Occasional Papers eBook

Richard William Church
This eBook from the Gutenberg Project consists of approximately 447 pages of information about Occasional Papers.
law of the case is, for the time at least, what the supreme tribunal has pronounced it to be.  People chafed at not getting what they thought the plain broad conclusions from facts and documents accepted; they appealed to law from the uncertainty of controversy, and found law still more uncertain, and a good deal more dangerous.  They thought that they were going to condemn crimes and expel wrongdoers; they found that these prosecutions inevitably assumed the character of the old political trials, which were but an indirect and very mischievous form of the struggle between two avowed parties, and in which, though the technical question was whether the accused had committed the crime, the real one was whether the alleged crime were a crime at all.  Accordingly, wider considerations than those arising out of the strict merits of the case told upon the decision; and the negative judgment, and resolute evasion of a condemnation, in each of the cases which were of wide and serious importance, were proofs of the same tendency in English opinion which has made political trials, except in the most extreme cases, almost inconceivable.  They mean that the questions raised must be fought out and settled in a different and more genuine way, and that law feels itself out of place when called to interfere in them.  As all parties have failed in turning the law into a weapon, and yet as all parties have really gained much more than they have lost by the odd anomalies of our ecclesiastical jurisprudence, the wisest course would seem to be for those who feel the deep importance of doctrinal questions to leave the law alone, either as to employing it or attempting to change it.  Controversy, argument, the display of the intrinsic and inherent strength of a great and varied system, are what all causes must in the last resort trust to.  Lord Westbury will have done the Church of England more good than perhaps he thought of doing, if his dicta make theologians see that they can be much better and more hopefully employed than in trying legal conclusions with unorthodox theorisers, or in busying themselves with inventing imaginary improvements for a Final Court of Appeal.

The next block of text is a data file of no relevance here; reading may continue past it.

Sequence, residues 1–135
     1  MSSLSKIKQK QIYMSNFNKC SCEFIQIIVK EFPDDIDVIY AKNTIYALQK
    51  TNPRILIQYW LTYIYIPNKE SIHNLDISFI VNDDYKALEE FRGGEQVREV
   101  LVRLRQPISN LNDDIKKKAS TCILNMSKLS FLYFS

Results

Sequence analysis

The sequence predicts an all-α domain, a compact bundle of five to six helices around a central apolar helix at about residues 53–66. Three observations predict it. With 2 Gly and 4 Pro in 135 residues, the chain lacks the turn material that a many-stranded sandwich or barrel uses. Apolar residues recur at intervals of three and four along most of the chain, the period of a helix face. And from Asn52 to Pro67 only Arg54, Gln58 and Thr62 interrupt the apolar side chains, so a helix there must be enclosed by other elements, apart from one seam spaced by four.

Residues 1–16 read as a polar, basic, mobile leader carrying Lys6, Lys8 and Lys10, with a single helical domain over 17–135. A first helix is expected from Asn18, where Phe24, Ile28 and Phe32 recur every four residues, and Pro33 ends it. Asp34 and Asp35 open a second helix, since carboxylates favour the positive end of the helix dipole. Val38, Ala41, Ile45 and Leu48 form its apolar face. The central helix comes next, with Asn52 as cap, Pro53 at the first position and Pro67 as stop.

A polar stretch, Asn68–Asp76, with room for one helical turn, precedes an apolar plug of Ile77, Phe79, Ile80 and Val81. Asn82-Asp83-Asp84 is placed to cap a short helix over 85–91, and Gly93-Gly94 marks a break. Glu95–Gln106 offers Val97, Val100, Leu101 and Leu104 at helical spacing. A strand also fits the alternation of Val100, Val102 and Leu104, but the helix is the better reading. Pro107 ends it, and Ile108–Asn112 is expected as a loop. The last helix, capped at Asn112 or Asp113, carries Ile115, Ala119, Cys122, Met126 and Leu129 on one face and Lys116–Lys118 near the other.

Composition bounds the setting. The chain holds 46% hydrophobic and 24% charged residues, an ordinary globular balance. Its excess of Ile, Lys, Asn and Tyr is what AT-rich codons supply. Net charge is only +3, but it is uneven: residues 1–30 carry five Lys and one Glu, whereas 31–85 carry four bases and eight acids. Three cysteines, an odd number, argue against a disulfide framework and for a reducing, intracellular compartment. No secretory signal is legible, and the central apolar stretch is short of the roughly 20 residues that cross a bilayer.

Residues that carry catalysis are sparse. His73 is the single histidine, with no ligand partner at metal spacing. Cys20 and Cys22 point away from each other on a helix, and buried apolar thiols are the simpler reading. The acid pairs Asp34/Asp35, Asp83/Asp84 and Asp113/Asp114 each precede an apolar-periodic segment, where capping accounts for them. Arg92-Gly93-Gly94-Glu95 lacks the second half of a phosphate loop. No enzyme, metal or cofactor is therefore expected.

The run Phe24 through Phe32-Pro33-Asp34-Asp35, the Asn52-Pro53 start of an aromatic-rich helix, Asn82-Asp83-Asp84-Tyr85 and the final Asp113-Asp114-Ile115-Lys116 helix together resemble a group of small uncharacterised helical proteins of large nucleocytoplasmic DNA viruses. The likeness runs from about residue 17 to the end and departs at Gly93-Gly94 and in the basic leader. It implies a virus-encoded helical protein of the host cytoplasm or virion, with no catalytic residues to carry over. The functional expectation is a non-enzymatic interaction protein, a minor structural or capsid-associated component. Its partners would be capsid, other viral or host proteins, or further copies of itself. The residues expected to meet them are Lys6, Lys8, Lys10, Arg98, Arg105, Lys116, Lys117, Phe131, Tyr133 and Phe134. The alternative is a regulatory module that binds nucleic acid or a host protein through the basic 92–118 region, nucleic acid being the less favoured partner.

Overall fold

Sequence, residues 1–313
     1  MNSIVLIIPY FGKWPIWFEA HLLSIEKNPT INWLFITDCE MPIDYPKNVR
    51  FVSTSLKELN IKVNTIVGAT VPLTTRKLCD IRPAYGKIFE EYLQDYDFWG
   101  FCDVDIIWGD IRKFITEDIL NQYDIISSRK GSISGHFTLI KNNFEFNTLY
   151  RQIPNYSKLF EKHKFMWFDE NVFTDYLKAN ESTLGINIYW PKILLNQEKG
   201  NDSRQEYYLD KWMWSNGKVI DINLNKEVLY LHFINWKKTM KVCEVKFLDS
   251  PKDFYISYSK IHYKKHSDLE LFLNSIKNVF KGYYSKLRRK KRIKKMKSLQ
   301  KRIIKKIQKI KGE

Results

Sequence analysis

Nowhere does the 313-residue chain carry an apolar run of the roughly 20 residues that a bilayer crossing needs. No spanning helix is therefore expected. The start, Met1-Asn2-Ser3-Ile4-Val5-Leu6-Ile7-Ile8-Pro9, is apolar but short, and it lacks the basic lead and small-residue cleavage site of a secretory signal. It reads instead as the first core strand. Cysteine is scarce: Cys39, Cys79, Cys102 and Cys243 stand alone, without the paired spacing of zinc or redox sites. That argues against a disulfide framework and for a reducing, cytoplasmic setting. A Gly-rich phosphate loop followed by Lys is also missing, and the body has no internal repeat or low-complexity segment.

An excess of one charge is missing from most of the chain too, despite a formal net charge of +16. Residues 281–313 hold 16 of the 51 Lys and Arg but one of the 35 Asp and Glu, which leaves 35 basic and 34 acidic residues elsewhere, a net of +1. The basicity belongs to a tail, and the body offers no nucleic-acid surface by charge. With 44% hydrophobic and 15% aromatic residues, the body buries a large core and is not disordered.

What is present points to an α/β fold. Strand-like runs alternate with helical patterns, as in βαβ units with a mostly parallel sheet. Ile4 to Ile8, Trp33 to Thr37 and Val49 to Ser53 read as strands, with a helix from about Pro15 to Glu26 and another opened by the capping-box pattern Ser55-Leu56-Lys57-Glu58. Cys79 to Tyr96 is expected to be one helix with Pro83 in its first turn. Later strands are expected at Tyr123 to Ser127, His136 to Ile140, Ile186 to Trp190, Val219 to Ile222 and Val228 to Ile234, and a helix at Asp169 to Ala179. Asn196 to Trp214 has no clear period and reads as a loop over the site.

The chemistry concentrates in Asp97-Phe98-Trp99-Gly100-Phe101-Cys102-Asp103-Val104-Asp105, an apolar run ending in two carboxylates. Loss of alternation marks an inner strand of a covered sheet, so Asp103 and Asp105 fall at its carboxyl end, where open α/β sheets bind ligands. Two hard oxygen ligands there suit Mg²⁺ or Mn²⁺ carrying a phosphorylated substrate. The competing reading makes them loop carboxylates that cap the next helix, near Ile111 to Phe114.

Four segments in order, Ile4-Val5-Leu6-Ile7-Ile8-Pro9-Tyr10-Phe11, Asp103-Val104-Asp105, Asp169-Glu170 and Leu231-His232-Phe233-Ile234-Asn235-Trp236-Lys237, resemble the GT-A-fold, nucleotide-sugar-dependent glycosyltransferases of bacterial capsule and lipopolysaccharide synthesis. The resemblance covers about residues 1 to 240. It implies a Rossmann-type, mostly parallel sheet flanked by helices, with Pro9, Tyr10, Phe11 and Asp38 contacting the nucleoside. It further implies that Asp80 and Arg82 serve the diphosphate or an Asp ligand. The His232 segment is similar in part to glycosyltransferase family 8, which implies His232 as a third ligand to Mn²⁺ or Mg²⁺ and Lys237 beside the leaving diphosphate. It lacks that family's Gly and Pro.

[4] A Collection of the Judgments of the Judicial Committee of the Privy Council in Ecclesiastical Cases relating to Doctrine and Discipline; with a Preface by the Lord Bishop of London, and an Historical Introduction.  Edited by the Hon. G. Brodrick, Barrister-at-Law, and Rev. the Hon. W.H.  Fremantle, Chaplain to the Bishop of London. Guardian, 15th February 1865.

The Bishop of London has done a useful service in causing the various decisions of the present Court of Appeal to be collected into a volume.  There is such an obvious convenience about the plan that it hardly needed the conventional reason given for it, that “the knowledge generally possessed

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Occasional Papers from Project Gutenberg. Public domain.
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